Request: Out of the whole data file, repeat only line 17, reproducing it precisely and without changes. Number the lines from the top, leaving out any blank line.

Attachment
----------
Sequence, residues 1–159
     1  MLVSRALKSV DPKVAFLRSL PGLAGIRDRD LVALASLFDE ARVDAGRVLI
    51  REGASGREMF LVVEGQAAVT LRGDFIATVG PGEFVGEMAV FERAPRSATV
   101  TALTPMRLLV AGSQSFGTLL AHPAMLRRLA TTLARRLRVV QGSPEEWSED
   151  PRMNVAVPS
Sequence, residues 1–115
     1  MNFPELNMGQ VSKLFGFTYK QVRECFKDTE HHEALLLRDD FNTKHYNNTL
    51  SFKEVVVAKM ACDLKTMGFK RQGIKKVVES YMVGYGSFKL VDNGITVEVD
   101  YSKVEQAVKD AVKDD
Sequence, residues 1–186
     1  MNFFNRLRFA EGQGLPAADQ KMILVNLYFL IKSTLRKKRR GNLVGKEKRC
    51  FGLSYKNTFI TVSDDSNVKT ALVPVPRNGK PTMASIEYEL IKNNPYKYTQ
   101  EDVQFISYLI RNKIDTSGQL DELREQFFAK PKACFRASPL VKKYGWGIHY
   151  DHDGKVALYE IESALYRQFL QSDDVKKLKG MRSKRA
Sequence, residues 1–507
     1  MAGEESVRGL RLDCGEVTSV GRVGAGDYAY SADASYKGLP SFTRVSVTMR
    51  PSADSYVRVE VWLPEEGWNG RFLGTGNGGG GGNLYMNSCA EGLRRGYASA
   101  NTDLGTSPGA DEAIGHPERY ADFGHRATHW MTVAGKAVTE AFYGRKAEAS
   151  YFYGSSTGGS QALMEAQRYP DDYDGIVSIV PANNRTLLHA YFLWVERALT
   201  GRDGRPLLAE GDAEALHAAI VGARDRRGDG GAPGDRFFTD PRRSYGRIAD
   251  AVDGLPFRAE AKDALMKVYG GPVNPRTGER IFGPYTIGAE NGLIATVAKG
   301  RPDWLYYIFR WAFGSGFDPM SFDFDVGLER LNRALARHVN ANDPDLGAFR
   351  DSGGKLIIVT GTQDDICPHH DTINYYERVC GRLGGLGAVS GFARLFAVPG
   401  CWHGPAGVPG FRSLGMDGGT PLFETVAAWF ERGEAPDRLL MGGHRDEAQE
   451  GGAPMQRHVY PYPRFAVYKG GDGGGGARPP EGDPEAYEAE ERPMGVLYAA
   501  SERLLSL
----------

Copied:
    51  PSADSYVRVE VWLPEEGWNG RFLGTGNGGG GGNLYMNSCA EGLRRGYASA